Perhaps the most creative part about Ashley Hall's new Dining Commons is that it contains space where students can burn off calories as well as consume them.

The new Commons was designed to be much more than a lunchroom; it also can host receptions, classroom instruction, even recreation.

It also had to blend in with three very different urban contexts —the interior of the private school's five-acre campus, an institutional stretch of Rutledge Avenue and the more residential scale of Vanderhorst Street.

In other words, this new building could have triggered a case of indigestion for the school or the surrounding neighborhood — or both — if not handled right.

Fortunately, the design — by Stubbs Muldrow Herin Architects Inc., with landscape by DesignWorks LC —is as successful as it is varied.

The building is yet another example of a structure painstakingly blended into an urban corner of Charleston, so much so that it would not make sense at any other site than the one it sits on.

Most people probably will notice its grand Rutledge Avenue facade, a temple-sized mass with an arched opening that includes windows for the first and second floors separated by panels with decorative metalwork.

The metalwork's gentle overlapping curves were inspired directly by the iron railings on the upper floor of the McBee House, the nearby historic home where Ashley Hall began, architect Sam Herin says.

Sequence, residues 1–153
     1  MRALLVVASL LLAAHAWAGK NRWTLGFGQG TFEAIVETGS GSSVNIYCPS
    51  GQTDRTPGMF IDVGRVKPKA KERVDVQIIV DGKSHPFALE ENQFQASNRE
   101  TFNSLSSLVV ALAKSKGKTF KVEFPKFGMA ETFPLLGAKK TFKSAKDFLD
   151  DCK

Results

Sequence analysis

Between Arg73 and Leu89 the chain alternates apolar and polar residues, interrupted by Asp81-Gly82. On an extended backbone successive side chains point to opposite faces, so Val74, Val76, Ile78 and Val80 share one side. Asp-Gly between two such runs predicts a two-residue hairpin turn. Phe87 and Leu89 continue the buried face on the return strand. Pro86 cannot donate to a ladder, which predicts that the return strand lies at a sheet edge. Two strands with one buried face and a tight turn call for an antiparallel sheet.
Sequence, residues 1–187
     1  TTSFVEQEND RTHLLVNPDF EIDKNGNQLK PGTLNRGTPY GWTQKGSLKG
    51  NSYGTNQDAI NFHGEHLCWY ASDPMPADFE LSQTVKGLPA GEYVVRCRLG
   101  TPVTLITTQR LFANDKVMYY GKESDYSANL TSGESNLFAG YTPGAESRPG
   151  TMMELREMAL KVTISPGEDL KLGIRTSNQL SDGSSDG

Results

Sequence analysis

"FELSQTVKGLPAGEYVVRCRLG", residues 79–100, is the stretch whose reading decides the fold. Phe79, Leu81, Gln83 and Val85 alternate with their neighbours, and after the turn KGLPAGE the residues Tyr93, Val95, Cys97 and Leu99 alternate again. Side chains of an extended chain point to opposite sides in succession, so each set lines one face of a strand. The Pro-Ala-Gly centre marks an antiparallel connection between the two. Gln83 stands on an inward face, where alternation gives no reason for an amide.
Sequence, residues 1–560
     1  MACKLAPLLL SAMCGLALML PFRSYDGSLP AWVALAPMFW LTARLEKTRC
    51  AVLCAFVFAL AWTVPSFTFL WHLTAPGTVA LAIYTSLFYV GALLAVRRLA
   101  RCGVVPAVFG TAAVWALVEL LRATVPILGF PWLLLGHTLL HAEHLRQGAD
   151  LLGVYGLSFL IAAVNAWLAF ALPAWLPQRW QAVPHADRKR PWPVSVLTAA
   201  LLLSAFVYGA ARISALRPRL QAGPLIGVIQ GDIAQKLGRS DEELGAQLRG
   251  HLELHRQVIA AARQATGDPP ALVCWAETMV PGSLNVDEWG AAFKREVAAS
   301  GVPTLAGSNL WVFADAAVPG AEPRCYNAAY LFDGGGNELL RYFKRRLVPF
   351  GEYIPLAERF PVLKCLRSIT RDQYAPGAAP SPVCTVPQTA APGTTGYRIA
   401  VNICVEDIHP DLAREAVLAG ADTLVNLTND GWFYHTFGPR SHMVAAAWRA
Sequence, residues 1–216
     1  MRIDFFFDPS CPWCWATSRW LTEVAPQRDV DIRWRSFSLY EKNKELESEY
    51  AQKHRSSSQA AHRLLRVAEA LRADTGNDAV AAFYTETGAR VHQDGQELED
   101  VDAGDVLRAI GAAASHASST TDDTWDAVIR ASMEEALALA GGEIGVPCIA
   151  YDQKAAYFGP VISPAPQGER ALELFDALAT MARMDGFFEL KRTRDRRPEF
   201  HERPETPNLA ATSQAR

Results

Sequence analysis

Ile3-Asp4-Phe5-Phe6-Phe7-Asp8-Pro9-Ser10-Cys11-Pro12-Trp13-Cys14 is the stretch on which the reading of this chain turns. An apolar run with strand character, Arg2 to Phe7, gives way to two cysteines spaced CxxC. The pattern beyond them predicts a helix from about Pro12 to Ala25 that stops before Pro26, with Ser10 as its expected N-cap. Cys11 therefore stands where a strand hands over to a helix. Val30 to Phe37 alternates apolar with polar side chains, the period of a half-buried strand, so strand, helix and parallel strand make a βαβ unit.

While the Rutledge facade makes it clear that this is an institutional building, not a dining hall masquerading as a historic home, the Vanderhorst side is a good bit longer but has a subtler feel. Its four smaller masses and raised planter bed help soften the building as it approaches the historic homes just to the east.

While most people will judge the building by these two facades, they're not where the students will enter the building each day.

“Ashley Hall has an inward focusing campus,” Herin says. “The building very much needed to address the connection to campus.”

So off the school's main athletic space is a small courtyard that leads up to a deep porch in the rear of the building.

Jill Muti, Ashley Hall's head of school, says this space not only helps the building blend into the campus, but it also offers places for the students to eat that are more relaxed and intimate than the noisy, bustling experience of most school cafeterias.

That's because the design not only was driven by urban sensibilities but also by the school's food philosophy — one that calls for more family-style dining and local ingredients.

As nice as it may be to eat on the porch, the building's central dining area is an impressive, two-story barrel-vaulted space lit with dormers

But the building's design also is flexible. The dining hall has a smaller section off Rutledge that can be used for meetings — and there's a similar meeting space directly above on the second floor. While the Rutledge Avenue door is locked during the day for security reasons, it can be unlocked and serve as the main entrance for after-hours events.

The most creative aspect of the building also may be its most hidden: The roof holds a good-sized outdoor play area with plush artificial turf and 3-foot tall recessed wall that screens the activity from the neighbors.

Herin says the grassy space likely cuts the building's cooling costs, though it's unclear by how much.

This is the second major addition to the campus in recent years, and while the library and science building was impressive in its own way, the Dining Commons is even more so because it will be noticed — and appreciated — much more by people outside the school.

Reach Robert Behre at 937-5771.